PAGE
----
France: The People Versus the Government
Anger is spreading through France after police used tear gas to disperse concertgoers in Nantes in late June, resulting in the death of 24-year-old Steve Caniço. His body was found on July 29 in the Loire River. His death has sparked a backlash against France’s policing methods and government.
Though keeping a lower profile, Yellow Vest demonstrators have not gone away, nor has their stance against the government softened.
“The common denominator is that we are victims of police violence. I lost my eye. Steve lost his life,” Jérôme Rodrigues, a Yellow Vest protester, told Politico.
“For Steve and all the youth killed by the police, we will set fire everywhere in France,” wrote a western France protest group on Facebook.
French citizens are losing confidence in their police force. According to data published by Journal du Dimanche, only 1 in every 2 citizens surveyed described themselves as confident in the police, while 20 percent reported that the police make them nervous.
But it’s not just the police who are losing the French citizens’ trust.
Recent poll results published by Le Figaro magazine show that discontent with French President Emmanuel Macron is growing. Only 27 percent of those surveyed were fully confident or mostly confident that Macron will be able to resolve current issues facing the country. In contrast, a total of 69 percent responded that they either mostly or fully doubted Macron’s ability to solve France’s problems.
A steady downward trend in public confidence is normal for French presidents; however, Macron has scored lower approval ratings over the past 26 months, on average, than nearly all other French presidents. As of July, his approval rating sits only 11 percent higher than the lowest on record, that of his predecessor François Hollande.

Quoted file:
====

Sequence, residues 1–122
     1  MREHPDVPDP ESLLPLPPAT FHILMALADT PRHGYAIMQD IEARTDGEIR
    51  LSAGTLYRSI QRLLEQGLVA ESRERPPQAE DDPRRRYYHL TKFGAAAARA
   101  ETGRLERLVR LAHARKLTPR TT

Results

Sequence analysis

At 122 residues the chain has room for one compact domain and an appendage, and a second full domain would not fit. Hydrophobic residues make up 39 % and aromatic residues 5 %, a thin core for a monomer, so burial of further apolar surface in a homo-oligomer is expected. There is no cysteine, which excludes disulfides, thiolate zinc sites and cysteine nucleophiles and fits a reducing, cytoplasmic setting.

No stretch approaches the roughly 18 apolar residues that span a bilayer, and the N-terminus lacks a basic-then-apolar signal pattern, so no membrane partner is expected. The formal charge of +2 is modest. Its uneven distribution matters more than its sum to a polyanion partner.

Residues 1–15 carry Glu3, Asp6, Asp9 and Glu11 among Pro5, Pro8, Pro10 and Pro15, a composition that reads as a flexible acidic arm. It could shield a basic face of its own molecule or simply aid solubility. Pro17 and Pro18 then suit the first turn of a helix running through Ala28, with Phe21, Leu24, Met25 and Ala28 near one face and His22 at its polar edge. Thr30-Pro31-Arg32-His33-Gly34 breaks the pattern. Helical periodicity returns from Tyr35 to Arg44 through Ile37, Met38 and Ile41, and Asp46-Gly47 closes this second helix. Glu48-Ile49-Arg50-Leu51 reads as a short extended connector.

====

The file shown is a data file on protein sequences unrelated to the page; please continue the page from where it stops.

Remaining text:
The poll also highlights an important fact: Those who disapprove of Macron most strongly are between the ages of 25 and 34. The second-highest rate of disapproval comes from 35-to-49-year-olds; 18-to-24-year-olds came in a close third. France’s vital working-age population—those most likely to be affected directly by Macron’s policies—are his strongest critics.
Manifestations of anger against Macron are becoming more prevalent. One of the most high-profile demonstrations occurred at France’s largest military parade. At Bastille Day on July 14, protesters hurled insults at Macron from the sidelines. Though the protests were kept under control, videos of heated clashes with police surfaced, including more evidence that the Yellow Vest protests have not died out.
It is easy to see why Macron’s popularity is so low: He is cracking down on the freedom of French citizens.
The French senate voted 210 to 115 on March 12 to pass a new law that gives the government and police sweeping powers to arbitrarily stop protests. It has been criticized as a vaguely worded attack on fundamental democratic rights.
According to the law, if a person or group is deemed to pose “a particularly grave threat to public order” and has been accused of damaging property or causing injury, their right to protest can be revoked. The penalty for contravening this law is 6 months in prison and a fine of €7,500 (us$8,300). To support the law, the government will create a national register of offenders banned from participating in protests.
It’s not a law against troublemakers, “it’s a law that bans protests,” wrote Slate. The Parisian Order of Lawyers adopted a unanimous motion condemning the new law, saying it infringes on the rights of people living in a democratic state.